As I ponder what’s happening in our school, now into its third week, I found myself thinking about how we started last year’s academic calendar. My oldest sister was struggling with health challenges and we spent a week on the road cleaning her home. When we returned home, I was exhausted, but I was determined to begin school. I’ve concluded just this year that one of our inherent problems is the inability to co-exist on different biological clocks. Simply put, I would start school in July, if I had my way, and end in April, when every breeze of spring seems to whisper my name. There are only so many weeks of great weather in Texas, and I like to enjoy each one from the garden with the wind in my hair. The kids feel cheated if they hear a peep from another kid enjoying the last days of summer while they crack open a school book. (Of course, they consider it a delight to roll over when those same kids are loading up the morning bus when they‘re done for the year). I should also mention that I’ve set very aggressive goals this year for myself and for them. I consider this year the first “real” school year for the youngest. Her plate is significantly heavier and she’s having to adjust to “big girl” rules. The oldest is learning the intangibles that will make all the difference in the world in the years to come: time management, planning ahead, and study skills. Our son is coasting happily under the radar screen, with no stretch goals in place for him this year (operating a year ahead of where he should be chronologically is enough of a stretch already!) I am, however, going back and attempting to solidify his command of facts, in spite of his insistence that he understands them perfectly. I guess he thinks I should believe him over my lying eyes. So, here in our third week, I’ve had to push past their arrogance, their reluctance, and all their funky little attitudes into a new season of school. I’d love to see passion or some sign of the joy that comes with learning, but right now persistence is more real.
Last Friday, when I started this entry in my head, but (by divine Providence, perhaps) didn’t get to write it, was definitely a low point. When the kids don’t behave as I expect, my tendency is to spank, following the example of my own discipline-heavy parents. Indeed, it took me a number of years as a parent to truly understand grace and mercy, and to discern what deserves the scriptural rod vs. what is the result of my overreacting, confusion, etc. (I’m still not sure I really have that one down). Yet, over the week, I continued to reflect–no, obsess–over the same questions: what is the limit on grace? What is the line between being merciful and being foolish? What corrects the will vs. what crushes the spirit? I’d wake up and go to bed with “Should I have…?” , “What if…?”, and “Maybe I could try…” I’ve never been one for tears; I guess I’ve never had the luxury of being able to cry while someone else solved the problem for me. But, man, was I close…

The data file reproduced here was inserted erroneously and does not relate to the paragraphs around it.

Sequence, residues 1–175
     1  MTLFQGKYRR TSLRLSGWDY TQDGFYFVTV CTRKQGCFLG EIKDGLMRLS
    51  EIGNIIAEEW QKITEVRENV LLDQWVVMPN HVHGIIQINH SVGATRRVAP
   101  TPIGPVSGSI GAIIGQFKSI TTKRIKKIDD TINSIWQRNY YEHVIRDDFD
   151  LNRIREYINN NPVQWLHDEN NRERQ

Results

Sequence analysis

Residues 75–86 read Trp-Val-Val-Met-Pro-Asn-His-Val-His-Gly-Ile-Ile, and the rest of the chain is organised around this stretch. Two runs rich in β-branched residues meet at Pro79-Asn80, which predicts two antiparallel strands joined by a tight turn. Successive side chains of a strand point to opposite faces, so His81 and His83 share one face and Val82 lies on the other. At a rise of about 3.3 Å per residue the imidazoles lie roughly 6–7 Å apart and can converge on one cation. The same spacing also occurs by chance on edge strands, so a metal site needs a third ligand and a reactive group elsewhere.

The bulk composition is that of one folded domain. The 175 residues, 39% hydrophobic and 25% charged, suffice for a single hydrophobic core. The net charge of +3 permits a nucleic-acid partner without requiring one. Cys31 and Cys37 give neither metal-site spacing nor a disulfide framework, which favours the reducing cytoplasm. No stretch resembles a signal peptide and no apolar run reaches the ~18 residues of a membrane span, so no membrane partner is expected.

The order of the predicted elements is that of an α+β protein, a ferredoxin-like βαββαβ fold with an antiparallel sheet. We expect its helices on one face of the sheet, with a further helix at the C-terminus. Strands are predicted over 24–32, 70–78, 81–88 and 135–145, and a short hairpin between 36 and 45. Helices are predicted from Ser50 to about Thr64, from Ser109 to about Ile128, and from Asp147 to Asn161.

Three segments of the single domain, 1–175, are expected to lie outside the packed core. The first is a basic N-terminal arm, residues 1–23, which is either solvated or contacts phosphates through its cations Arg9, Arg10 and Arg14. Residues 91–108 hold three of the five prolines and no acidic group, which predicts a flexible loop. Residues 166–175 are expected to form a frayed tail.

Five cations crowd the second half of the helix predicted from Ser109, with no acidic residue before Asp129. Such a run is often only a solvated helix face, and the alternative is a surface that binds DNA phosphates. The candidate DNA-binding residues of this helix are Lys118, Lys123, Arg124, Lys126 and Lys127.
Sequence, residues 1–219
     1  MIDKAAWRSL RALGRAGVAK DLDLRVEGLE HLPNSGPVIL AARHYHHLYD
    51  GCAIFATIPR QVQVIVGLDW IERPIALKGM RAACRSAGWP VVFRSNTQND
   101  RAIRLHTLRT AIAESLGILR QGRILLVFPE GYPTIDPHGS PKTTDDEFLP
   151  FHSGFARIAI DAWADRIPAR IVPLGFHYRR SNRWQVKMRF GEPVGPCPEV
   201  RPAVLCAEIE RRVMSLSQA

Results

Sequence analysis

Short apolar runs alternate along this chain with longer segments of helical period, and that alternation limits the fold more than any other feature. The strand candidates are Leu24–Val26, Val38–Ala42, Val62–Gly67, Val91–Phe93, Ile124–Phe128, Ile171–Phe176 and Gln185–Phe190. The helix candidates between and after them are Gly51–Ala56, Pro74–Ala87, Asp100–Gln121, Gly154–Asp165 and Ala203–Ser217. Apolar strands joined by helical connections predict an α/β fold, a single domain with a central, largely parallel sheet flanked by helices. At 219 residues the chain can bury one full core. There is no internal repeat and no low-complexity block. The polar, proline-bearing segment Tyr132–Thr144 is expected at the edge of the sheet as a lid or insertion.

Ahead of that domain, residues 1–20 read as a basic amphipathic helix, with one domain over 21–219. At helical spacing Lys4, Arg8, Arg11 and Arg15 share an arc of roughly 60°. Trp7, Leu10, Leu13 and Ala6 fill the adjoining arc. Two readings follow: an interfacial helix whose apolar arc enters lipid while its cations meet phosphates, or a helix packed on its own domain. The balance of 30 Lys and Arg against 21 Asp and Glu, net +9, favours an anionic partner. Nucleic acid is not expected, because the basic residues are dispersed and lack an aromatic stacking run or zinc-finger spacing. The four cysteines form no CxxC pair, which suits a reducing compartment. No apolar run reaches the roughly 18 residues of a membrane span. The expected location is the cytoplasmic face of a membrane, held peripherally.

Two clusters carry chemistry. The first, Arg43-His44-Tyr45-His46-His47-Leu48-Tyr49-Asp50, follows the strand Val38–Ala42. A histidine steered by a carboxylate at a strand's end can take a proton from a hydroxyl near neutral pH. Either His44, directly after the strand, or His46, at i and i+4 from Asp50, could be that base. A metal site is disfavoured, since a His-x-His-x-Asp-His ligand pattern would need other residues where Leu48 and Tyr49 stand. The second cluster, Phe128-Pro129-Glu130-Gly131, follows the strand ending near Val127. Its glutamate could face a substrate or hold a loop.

My husband and I sorted through all kinds of possibilities, and we both reminisced laughingly about our own experiences with punishment, concluding that our kids have it so much better than we did. But even before that, we prayed. I do my best not to make God too deep, but to keep things simple and practical, so after prayer, I did what I always do–the next right thing. The next right thing that particular day was to get on the computer. With a break in the home school day, I needed to check on my older bunch. On one of the numerous e-mail loops I subscribe to was an email from a frustrated parent. She entitled her post ‘Ever feel like you don’t know what you’re doing?’ One response was what really caught my eye. I read it again today and it didn’t hold the same magic, but last week the words leaped off the page: “Just keep going and trust your own inner voice [the Holy Spirit] and your own knowledge of your child.” What a word in season. And, as if that wasn’t enough, one of our budding pastors spoke on yesterday, sharing this gem: your kids will do what they see you do. If you’re in self-help books more than the Word (as one example), your children will attempt to find help elsewhere outside of the Word. So I made a choice. Pray about it and look for God to move.
So, here we are on Monday. I had plans to get up early and pray and anoint each chair (the kids habitually sit in the same place each day), but going to bed at 1 a.m. and having the day start with an unexpected call of bad news meant that I was starting my day with the kids. After the week we had last week, Dad placed several restrictions on the oldest, which doesn’t leave her room to do much except stay ahead on her schoolwork. Thus, the real test of progress will be once her privileges are restored. And discernment tells me that if I still don’t see what I expect, it will be time for the proverbial rod, and I’ve let her know it. I felt the blood rushing to my head over his obstinacy, but our son is actually spending extra time on multiplication. I’ve cherished the laughs we have had, and I really want to believe that things are coming around. Yet I’m reminded of our words during Bible study today from 1 Timothy: fight the good fight of faith. The victory of what I do here each day won’t be handed over to me on a silver platter, and as my dad always said, nothing worth having comes easy. It’s been no cake walk in the last few weeks, but I will press forward.